A new study suggests that a herb called Hyptis crenata - otherwise known as Brazilian mint, can reduce pain as effectively as leading drugs.
It has been used as a traditional medicine in Brazil to treat a range of ailments from headaches and stomach pain to fever and flu.
Now researchers at Newcastle University say they have scientifically proven its pain-relieving properties for the first time.
Testing this ancient South American herb on mice, the team led by researcher Graciela Rocha was able to show that when prepared as a 'tea' - the traditional way to administer the medicine - the mint was as effective as a synthetic aspirin-style drug Indometacin.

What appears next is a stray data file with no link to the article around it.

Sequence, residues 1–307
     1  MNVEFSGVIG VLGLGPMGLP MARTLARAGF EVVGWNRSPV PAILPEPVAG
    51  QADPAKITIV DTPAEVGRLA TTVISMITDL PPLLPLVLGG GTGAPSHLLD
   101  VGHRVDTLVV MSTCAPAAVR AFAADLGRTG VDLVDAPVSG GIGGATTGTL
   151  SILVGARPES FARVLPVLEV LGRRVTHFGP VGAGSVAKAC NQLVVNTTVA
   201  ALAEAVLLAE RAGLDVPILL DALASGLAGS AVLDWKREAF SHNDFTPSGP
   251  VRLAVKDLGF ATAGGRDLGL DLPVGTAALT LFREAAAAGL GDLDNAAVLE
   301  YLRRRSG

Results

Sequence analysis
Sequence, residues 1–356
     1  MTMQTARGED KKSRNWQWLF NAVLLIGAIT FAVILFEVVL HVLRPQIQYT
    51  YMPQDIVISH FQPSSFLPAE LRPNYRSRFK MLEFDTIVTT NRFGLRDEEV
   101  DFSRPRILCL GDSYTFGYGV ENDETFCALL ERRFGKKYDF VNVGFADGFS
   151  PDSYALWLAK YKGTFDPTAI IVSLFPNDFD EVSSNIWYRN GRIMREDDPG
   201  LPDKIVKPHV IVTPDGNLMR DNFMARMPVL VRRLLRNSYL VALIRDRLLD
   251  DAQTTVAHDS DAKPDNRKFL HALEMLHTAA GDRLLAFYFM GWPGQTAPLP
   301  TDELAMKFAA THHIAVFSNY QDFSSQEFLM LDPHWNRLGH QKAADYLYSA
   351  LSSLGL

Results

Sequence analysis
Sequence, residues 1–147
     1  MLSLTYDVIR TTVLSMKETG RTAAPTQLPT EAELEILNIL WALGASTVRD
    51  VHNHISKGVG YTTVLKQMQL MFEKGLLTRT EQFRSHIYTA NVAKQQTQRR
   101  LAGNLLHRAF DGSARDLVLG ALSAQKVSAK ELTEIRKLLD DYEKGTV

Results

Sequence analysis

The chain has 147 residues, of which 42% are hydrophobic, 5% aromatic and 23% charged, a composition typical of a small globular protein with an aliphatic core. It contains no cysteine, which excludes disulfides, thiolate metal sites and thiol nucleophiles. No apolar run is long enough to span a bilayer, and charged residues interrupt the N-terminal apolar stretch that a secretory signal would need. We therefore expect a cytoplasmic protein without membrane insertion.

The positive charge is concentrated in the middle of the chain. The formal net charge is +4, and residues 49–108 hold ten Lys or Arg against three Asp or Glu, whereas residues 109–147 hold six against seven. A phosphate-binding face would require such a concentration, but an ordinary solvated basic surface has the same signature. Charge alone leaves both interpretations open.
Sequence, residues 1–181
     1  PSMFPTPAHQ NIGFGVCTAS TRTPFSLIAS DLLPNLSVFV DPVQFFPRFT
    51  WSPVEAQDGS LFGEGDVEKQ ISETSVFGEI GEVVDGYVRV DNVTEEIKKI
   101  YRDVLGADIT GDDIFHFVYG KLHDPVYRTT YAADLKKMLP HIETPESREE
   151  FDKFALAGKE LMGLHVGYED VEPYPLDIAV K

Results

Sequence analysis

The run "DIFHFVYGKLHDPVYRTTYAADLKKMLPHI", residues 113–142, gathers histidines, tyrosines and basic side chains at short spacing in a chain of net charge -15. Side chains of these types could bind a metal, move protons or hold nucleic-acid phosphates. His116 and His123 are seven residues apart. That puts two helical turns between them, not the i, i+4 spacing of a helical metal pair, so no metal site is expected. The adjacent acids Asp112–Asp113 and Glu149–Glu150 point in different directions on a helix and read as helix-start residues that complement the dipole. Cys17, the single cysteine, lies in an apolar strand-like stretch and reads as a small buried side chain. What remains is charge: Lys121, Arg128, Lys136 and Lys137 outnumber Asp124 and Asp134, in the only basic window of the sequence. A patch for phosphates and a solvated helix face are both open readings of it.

Now, the researchers plan to launch clinical trials to find out how effective the mint is as a pain relief for people.
"Since humans first walked the earth we have looked to plants to provide a cure for our ailments - in fact it is estimated more than 50,000 plants are used worldwide for medicinal purposes," Graciela said.
"Besides traditional use, more than half of all prescription drugs are based on a molecule that occurs naturally in a plant.
"What we have done is to take a plant that is widely used to safely treat pain and scientifically proven that it works as well as some synthetic drugs. Now the next step is to find out how and why the plant works," Graciela added.
The research has been presented at the 2nd International Symposium on Medicinal and Nutraceutical Plants in New Delhi, India, and will appear in the society's journal Acta Horticulturae.